The truth about sinister south­paws

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Anthropology / Genetics / History / Psychology

Why call a valued assistant a ‘right-hand man’? Why does an awkward dancer have ‘two left feet’? And why, in times gone by, were left-handers thought to be possessed by the devil? Throughout the ages left-handers have been stigmatised and persecuted. But it turns out ‘handedness’ is determined before you even leave the womb.

Are you a southpaw?

Statistics tell me only about 10% of you reading this are left-handed. In contrast, chimpanzees show a 50:50 split in preferred hand. This 90:10 ratio is true in every human population in the world and is thought to have been true throughout human history.

Does this rarity explain the persecution? The very name tells us the negative perception of left-handers has a long history. ‘Left’ comes from the Old English ‘lyft’ meaning weak or broken and ‘sinister’ in Latin means both left and bad, or unlucky. In contrast the Latin for right is ‘dexter’, which gave us the word ‘dexterous’, meaning skillful.

Are more left-handers criminals?

Back in 1903, Cesare Lombroso, the father of modern criminology, announced left-handers were more than three times as common in criminal populations than in the rest of the population.

Left-handedness… may contribute to form one of the worst characters among the human species.Cesare Lombroso

In 1977, psychologist Theodore Blau claimed left-handed children were overrepresented among academically and behaviorally-challenged children.

Another psychologist, Stanley Cohen, argued left-handers die younger than their right-handed counterparts. On closer inspection it turned out simply that the older a person was, the more likely they had been forced to override their natural left-handed preference and learn to write with their right hand. We know today only 1% of Chinese students are left-handed while the proportion in the general population is 10%.

The truth about left-handers

We know people with psychotic disorders like schizophrenia are more likely to be left-handed. We also know if you are left-handed, you are twice as likely to be male. And we find a higher proportion of left-handers among architecture, art and music students than among science students.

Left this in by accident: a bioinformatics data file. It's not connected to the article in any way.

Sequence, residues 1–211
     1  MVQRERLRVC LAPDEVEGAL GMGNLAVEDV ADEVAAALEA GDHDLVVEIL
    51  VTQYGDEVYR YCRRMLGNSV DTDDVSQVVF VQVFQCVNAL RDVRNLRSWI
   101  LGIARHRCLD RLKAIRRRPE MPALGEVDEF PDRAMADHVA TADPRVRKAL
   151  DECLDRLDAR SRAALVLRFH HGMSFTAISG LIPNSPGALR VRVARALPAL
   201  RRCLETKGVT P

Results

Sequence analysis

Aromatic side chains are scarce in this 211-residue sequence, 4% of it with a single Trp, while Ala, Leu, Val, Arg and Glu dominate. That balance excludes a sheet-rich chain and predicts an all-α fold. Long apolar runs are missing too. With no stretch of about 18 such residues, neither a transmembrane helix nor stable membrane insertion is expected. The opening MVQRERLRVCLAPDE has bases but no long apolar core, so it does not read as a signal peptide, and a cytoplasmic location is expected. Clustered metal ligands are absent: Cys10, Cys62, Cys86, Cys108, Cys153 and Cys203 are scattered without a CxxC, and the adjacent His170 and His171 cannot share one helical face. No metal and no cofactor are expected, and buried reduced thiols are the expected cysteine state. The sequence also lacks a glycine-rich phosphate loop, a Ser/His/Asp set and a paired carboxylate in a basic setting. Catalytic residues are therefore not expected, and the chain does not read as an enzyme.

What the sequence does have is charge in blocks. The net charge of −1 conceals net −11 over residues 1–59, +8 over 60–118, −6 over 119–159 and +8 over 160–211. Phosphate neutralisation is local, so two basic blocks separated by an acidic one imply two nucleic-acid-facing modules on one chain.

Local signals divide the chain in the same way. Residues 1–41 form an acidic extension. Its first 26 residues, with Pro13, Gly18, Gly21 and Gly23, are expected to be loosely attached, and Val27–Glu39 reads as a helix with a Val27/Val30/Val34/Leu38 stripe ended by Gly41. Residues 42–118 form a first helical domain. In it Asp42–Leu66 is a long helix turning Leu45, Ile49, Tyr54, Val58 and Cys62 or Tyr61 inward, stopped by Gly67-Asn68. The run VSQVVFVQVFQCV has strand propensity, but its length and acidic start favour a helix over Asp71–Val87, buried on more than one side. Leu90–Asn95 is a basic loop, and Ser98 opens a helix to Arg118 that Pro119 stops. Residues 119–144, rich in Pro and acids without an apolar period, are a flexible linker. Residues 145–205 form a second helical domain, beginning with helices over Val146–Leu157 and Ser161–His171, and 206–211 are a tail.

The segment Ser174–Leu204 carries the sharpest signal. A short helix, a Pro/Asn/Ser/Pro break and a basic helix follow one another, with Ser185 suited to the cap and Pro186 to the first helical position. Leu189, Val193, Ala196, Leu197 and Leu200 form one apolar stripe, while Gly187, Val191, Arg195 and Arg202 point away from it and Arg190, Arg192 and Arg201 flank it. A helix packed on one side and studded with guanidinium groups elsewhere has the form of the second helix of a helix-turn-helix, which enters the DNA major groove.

There are also many famous left-handers: Plato, Charles Darwin, Bill Gates, Oprah Winfrey, Jimi Hendrix, Picasso, Leonardo da Vinci and Ned Flanders to name but a few. And five out of the last seven US presidents have been left-handed. People argue that left-handers are more introverted, creative and intelligent.

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Five of the past seven US presidents, including Barack Obama, have been left-handed. Image credit: Pete Souza (public domain) via Wikimedia Commons.

Where does hand preference come from?

Research published last year showed hand preference begins in the womb and scientists have identified the network of genes responsible. These genes establish left-right differences in the brain, which in turn influences which hand is favoured while an embryo develops. These are also the genes that ensure our internal organs are correctly positioned in our bodies – for example, our heart and stomach on the left and our liver on the right.

So left-handedness isn’t a character flaw, but simply an outcome of genetic variation. And in fact, being left-handed may deliver some important advantages.

The right brain knows what the left hand is doing

Information collected on the right side of the body (for example the right ear and eye) goes to the left hemisphere of the brain for processing. At the same time, information from the left side goes to the right brain. Right-handers tend to do most of their processing of language and speech in the left side of the brain while the right side of the brain is responsible for emotions.

But left-handers don’t tend to divide these tasks so clearly between the two hemispheres. Left-handers are more likely to process language using both sides of the brain. And tests designed to look at the speed of information flow between the two halves of the brain have found that in left-handers, the two halves of the brain are better connected.

This greater connectivity means left-handers are at an advantage when it comes to processing and responding to lots of information arriving simultaneously or in quick succession (think being a pilot, or perhaps a gamer!)

Left-handers are also better at divergent thinking than right-handers. This may be because in the process of more information passing between the two brain hemispheres, there is more opportunity for novel ideas.

So rather than being sinister or unlucky, it seems left-handers may indeed be more creative. Which raises the question – why hasn’t left-handedness evolved to be more common?

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